What is a chameleon in the world of education? What defines her professionally, personally, and why? In this autoethnography, I explore the chameleon metaphor for meanings and implications in my personal and professional identity as a female educator by seeking answers to questions stemming from Mitchell and Weber (2005): Just who do I think I am? Just who do I think I am? Just who do I think I am? Just who do I think I am? I analyzed my own autobiographical journals using the four-part Listening Guide (Gilligan, Spencer, Weinberg, & Bertsch, 2003) coupled with theme-based family coding to examine changes by choice and changes by force particular to my personal and professional experiences. Notions of home, belonging, and change as a journey emerged as themes that served to frame my identity and highlighted the importance of self-inquiry for educators as an applied practice within the greater context of the profession. [ABSTRACT FROM AUTHOR]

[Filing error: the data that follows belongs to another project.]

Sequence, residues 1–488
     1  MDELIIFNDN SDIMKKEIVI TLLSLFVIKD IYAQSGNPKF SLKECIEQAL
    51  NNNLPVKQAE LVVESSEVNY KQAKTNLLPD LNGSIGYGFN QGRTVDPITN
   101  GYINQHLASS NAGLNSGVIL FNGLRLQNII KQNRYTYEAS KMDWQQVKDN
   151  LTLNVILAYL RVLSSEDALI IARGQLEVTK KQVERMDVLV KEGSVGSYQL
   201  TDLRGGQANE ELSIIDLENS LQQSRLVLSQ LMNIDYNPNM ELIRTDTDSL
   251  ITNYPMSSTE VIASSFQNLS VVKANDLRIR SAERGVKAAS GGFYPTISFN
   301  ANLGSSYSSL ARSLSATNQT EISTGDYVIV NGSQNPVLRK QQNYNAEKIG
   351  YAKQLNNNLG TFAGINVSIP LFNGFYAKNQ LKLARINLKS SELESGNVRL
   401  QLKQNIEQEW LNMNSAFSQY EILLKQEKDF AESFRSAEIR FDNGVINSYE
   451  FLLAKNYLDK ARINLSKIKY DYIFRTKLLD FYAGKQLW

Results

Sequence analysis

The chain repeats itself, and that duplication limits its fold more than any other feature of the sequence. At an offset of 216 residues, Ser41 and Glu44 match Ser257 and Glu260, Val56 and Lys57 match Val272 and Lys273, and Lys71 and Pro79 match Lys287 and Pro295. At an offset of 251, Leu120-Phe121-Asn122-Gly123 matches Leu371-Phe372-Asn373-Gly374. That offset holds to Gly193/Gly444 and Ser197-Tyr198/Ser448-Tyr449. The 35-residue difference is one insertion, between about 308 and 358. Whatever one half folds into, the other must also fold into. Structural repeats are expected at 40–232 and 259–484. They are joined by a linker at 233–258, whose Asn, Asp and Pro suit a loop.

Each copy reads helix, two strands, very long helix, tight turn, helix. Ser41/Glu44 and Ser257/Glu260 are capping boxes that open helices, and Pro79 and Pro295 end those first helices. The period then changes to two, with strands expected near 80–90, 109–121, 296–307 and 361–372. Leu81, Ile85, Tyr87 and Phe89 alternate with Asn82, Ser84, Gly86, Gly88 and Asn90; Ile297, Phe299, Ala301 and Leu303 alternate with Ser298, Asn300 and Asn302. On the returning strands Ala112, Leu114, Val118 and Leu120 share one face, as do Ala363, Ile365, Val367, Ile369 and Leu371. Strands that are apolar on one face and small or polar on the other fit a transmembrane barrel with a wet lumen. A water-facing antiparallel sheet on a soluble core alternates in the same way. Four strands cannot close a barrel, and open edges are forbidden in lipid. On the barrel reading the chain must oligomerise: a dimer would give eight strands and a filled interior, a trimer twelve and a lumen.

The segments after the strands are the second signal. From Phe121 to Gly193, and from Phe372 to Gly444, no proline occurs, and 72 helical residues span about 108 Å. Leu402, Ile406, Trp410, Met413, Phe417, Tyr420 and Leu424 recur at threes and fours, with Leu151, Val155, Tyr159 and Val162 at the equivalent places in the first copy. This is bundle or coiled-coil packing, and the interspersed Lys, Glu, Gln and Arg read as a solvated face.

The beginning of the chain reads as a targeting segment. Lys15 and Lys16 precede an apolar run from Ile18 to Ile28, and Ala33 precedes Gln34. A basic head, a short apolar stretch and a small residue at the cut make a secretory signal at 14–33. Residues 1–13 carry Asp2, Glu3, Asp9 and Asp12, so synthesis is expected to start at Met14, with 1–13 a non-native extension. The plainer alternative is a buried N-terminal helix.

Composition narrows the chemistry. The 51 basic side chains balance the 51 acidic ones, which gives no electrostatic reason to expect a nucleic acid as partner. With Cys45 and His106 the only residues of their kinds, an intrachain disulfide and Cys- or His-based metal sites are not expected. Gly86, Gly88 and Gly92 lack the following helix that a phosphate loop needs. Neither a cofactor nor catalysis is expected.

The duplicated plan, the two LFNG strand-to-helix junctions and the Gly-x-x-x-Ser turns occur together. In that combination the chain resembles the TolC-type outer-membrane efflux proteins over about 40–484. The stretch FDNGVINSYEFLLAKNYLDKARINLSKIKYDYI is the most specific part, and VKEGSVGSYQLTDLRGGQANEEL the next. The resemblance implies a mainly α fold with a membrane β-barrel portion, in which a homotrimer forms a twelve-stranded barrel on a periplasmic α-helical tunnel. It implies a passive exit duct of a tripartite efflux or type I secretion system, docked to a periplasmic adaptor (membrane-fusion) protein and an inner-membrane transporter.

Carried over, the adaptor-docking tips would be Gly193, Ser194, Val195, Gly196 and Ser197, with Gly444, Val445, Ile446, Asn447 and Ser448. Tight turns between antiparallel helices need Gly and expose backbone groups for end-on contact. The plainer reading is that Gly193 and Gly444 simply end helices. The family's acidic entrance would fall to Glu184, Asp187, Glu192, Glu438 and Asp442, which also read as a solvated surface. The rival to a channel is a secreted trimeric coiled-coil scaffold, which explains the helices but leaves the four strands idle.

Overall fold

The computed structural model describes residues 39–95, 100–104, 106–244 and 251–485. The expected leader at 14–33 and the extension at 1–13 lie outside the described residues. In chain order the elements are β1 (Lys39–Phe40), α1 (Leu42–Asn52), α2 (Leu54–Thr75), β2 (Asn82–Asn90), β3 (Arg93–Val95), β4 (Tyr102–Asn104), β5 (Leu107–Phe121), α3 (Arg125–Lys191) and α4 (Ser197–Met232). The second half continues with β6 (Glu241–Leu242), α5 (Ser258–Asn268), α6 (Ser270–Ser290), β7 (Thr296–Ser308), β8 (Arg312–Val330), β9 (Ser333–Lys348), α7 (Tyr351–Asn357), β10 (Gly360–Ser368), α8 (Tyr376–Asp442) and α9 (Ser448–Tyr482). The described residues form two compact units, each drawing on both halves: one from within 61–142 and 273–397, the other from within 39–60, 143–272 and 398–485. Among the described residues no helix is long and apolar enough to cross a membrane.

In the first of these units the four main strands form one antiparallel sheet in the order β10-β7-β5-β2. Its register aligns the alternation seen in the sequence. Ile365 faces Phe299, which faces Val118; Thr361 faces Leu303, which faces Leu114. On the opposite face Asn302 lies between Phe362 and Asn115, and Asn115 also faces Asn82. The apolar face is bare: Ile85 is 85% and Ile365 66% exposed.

Pourreau, L. (2014). Analyzing Flying Chameleons: Using Autoethnography to Explore Change in the Female Educator. The Qualitative Report, 19(51), 1-22.